Lecture from phd. Jacek Purchla

We gladly inform you that at 26th of September, at 8 p.m, at the Museum of Contemporary Art in Skopje, Prof. Dr. Jacek Purchla will hold a lecture entitled Heritage and Development – Polish Experience.

Central Europe is a unique part of the continent where the political borders changed much more often than the cultural ones. The experience of Central Europe is not only about crossing cultures but about crossing ideologies as well.

Does all this mean that there has also been a change in Polish thinking on heritage and heritage protection? After all, Poland and Central Europe have a unique experience, which is derived not only from the nature of our road to independence and modernity in the 19th century, the tragedy of Central Europe in the 20th century, and the lesson of communism, but also from the fact of the sudden change that occurred after 1989, the speed and complexity of which is now usually expressed in the fashionable word “transformation”. Transformation is a complex process. “Emerging from real socialism” and building the structures of a sovereign, democratic state are changes that in turn spark off processes affecting society. The rapidity, depth and many dimensions of Poland’s transformation are intertwined with the processes of globalisation and European integration.

So what is the nature of the relationship between heritage and Poland’s transformation? In recent years opposing tendencies have collided head on in terms of this issue. On the one hand the “area” of heritage has expanded significantly, and the potential for its protection has also increased exponentially. On the other, the marginalisation and instrumentalisation of cultural heritage, and in particular the crisis in the system for its protection, are becoming increasingly obvious. Transformation has presented heritage in Poland with new challenges and new threats. These latter especially are evident in the centres of our major cities. The rapid changes in their cultural landscapes, often their degeneration, is the result of the triumph of market mechanisms combined with the weakness of the “soft state”. Progress from the passive, static way of thinking of heritage as a sacrum to its protection amid the reality of the elemental processes of the privatisation and commercialisation of public space requires fundamental changes in the way heritage potential is managed.

Prof. Dr. Jacek Purchla, Director of the International Cultural Centre  (b. 1954 in Krakow) graduated in Economics and Art History. He is a Professor of Humanities (professor ordinarius) and a member of the Polish Academy of Arts and Sciences. He is the head of the Department of Economic and Social History and the UNESCO Chair for Heritage and Urban Studies at the Krakow University of Economics, as well as head of the Centre of European Heritage in the Institute of European Studies at the Jagiellonian University in Krakow. He specializes in urban development, social history and art history of the 19th and 20th century, as well as theory behind and the protection of cultural heritage. He is the author of over 400 academic works, including a number of books. Between 1990 and 1991 he was vice-president of the city of Krakow. He was the founder of the International Cultural Centre in Krakow and has been its director since its inception in 1991. He is a member of many organisations and associations, including the Europa Nostra Council in The Hague, the Comité International d’Histoire de l’Art (CIHA), the Advisory Council of the Anna Lindh Euro-Mediterranean Foundation for the Dialogue between Cultures and the Art Studies Committee at the Polish Academy of Sciences. Additionally, he advises  the European Commission on the European Heritage Label project. He was the chairman of the Monument Preservation Council at the Ministry of Culture and National Heritage (2000-2016). Since 2015, he has been President of the Polish National Commission for UNESCO. In 2016, he was elected President of the UNESCO World Heritage Committee.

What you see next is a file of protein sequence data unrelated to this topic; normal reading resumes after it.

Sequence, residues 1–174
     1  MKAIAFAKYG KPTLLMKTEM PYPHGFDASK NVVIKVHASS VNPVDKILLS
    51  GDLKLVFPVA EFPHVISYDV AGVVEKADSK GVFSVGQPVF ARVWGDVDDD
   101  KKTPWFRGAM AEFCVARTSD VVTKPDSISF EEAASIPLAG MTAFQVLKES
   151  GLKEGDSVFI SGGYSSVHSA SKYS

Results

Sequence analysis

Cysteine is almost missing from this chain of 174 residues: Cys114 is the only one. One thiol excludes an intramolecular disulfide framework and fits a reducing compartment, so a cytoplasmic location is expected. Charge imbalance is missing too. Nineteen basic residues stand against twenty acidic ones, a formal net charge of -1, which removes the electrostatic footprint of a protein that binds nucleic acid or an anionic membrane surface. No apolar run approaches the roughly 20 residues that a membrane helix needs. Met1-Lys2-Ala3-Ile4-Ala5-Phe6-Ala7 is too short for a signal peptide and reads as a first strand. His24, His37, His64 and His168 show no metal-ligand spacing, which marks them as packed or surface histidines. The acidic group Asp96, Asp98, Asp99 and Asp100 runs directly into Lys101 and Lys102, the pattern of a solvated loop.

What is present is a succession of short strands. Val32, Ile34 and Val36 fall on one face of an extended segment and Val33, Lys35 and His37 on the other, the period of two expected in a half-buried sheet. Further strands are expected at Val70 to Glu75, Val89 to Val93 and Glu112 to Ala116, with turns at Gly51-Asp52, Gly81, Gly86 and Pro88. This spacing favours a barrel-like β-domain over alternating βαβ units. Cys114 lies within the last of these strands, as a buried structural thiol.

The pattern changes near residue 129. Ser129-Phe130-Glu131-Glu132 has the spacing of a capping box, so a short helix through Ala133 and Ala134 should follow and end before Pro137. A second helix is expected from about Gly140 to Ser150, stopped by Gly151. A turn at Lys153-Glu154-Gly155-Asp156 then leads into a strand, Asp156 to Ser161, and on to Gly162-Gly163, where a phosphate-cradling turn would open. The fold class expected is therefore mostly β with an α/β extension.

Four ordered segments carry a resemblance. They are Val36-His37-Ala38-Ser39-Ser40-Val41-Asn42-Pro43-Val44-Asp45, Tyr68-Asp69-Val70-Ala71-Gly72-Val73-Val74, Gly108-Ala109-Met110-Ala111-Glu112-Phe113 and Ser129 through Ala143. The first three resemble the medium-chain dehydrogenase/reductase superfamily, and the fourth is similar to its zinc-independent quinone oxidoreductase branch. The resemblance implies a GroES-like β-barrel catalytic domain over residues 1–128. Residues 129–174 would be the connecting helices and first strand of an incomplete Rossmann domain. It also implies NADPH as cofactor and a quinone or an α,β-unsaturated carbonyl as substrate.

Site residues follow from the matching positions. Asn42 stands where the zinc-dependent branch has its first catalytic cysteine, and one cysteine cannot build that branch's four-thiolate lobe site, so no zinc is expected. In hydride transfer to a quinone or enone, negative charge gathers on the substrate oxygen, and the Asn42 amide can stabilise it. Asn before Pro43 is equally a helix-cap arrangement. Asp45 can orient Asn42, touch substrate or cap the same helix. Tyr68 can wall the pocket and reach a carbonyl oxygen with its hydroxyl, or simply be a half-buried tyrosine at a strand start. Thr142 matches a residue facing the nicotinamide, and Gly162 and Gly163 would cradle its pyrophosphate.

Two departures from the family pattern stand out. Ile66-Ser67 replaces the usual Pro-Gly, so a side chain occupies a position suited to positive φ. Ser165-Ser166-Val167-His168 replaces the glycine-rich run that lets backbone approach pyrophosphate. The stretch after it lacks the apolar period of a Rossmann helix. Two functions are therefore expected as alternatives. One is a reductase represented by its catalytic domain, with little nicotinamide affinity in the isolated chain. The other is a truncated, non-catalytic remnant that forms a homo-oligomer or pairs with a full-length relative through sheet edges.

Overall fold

Museum of contemporary art

Elegantly adapted to the configuration of the Skopje medieval fortress and surrounded by the panoramic view of the city, the Museum building, constructed in 1970, is an excellent example of the architecture of the late modernism and symbol of the renewal of Skopje after the 1963 earthquake.

Learn more